Another aspect of the subject matter disclosed in detail below is a method for designing and manufacturing a composite laminate, the method comprising: (a) generating target lamination parameters for a composite laminate using optimization; (b) generating a baseline set of layups having lamination parameters which match the target lamination parameters; (c) determining additional layup solutions lying on a same solution manifold for each baseline layup; (d) filtering layups on solution manifolds using design rules to produce a reduced set of candidate layups; (e) verifying other properties of the candidate layups; and (f) manufacturing a composite laminate having a layup corresponding to a candidate layup having verified properties. Each candidate layup has stiffness properties which are similar to stiffness properties characterized by the target lamination parameters.

In accordance with some embodiments, process (a) of the method described in the preceding paragraph comprises: selecting design variables; determining design constraint functions; selecting an objective function; and determining an optimal value of the objective function that satisfies user-provided limits on both the design variables and the constraint functions by solving a constrained optimization problem, producing target lamination parameters are functions of the optimal design variables describing the optimal value of the objective function. The design variables can be a set of fiber angles and ply thicknesses or a set of lamination parameters and total thickness. If the optimization variables are fiber angles and ply thicknesses, then they must be converted to lamination parameters before proceeding.

In accordance with some embodiments, process (b) of the method comprises: defining a layup strategy; selecting a number of solution attempts to be made; and employing the layup strategy by executing a mathematical method with a number of random initial points searching for layups whose lamination parameters match the target lamination parameters in which the number of random initial points equals the number of solution attempts to be made. The mathematical method may be an underdetermined Newton's method or an algebraic geometry method. In accordance with those same embodiments, process (c) comprises recursively applying a curve tracing algorithm to determine points on the solution manifold containing the baseline layup.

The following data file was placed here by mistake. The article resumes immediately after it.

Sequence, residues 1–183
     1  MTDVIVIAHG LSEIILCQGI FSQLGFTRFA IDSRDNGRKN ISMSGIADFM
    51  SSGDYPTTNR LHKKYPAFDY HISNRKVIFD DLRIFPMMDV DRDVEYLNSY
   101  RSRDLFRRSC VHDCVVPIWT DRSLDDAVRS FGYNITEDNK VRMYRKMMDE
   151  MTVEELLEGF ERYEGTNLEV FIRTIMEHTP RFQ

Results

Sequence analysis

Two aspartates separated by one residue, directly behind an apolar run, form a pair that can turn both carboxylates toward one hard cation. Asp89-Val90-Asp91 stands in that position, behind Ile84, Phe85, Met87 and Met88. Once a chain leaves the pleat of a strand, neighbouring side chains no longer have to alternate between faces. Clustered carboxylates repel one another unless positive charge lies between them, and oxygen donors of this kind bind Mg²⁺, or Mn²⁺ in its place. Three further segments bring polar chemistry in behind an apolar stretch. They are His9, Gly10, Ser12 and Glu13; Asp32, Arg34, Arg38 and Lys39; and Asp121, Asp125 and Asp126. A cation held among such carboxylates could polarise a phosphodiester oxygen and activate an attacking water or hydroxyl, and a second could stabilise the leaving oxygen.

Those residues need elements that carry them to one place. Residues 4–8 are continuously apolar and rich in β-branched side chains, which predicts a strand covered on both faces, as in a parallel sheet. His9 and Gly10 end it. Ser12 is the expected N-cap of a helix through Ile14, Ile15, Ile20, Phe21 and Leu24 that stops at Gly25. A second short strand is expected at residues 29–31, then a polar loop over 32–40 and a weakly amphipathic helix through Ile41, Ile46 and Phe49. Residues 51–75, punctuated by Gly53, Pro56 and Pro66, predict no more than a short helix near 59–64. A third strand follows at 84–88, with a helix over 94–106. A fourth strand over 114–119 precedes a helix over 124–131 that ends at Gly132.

A further aspect of the subject matter disclosed in detail below is a method for manufacturing a laminated composite structure using plies of fiber-reinforced plastic, the method comprising: (a) determining target lamination parameters; (b) determining a set of baseline layups whose lamination parameters match the target lamination parameters using lamination parameter inversion; (c) determining alternative layups lying on a solution manifold for each of the baseline layups; (d) selecting alternative layups which satisfy a set of design rules; (e) assessing performance of a selected alternative layup using engineering analysis; and (f) manufacturing a laminated composite structure that has the selected alternative layup.

In accordance with some embodiments, process (b) of the method described in the preceding paragraph comprises: defining a layup strategy; selecting a number of solution attempts to be made; and employing the layup strategy, executing a mathematical method with a number of random initial points searching for layups whose lamination parameters match the target lamination parameters, wherein the number of random initial points equals the number of solution attempts to be made. In accordance with those same embodiments, process (c) comprises recursively applying a curve tracing algorithm to determine points on the solution manifold containing the baseline layup. The engineering analysis may comprise determination of maximum strains and buckling analysis. At least processes (b), (c) and (e) are performed by a computer system. Process (f) comprises laying tows of fiber-reinforced plastic material using an automated tow placement machine.

Other aspects of composite structures and methods for their design and manufacture are disclosed below.